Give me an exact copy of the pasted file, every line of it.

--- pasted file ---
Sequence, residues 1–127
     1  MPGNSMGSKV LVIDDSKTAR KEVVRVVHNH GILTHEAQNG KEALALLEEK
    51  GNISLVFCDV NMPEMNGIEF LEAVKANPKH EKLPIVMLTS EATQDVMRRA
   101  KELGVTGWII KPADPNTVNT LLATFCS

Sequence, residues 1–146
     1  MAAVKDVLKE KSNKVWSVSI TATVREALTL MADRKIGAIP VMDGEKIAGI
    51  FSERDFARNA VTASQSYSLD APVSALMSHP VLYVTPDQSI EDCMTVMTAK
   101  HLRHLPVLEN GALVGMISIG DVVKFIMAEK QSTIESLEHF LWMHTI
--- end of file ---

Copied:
Sequence, residues 1–127
     1  MPGNSMGSKV LVIDDSKTAR KEVVRVVHNH GILTHEAQNG KEALALLEEK
    51  GNISLVFCDV NMPEMNGIEF LEAVKANPKH EKLPIVMLTS EATQDVMRRA
   101  KELGVTGWII KPADPNTVNT LLATFCS

Sequence, residues 1–146
     1  MAAVKDVLKE KSNKVWSVSI TATVREALTL MADRKIGAIP VMDGEKIAGI
    51  FSERDFARNA VTASQSYSLD APVSALMSHP VLYVTPDQSI EDCMTVMTAK
   101  HLRHLPVLEN GALVGMISIG DVVKFIMAEK QSTIESLEHF LWMHTI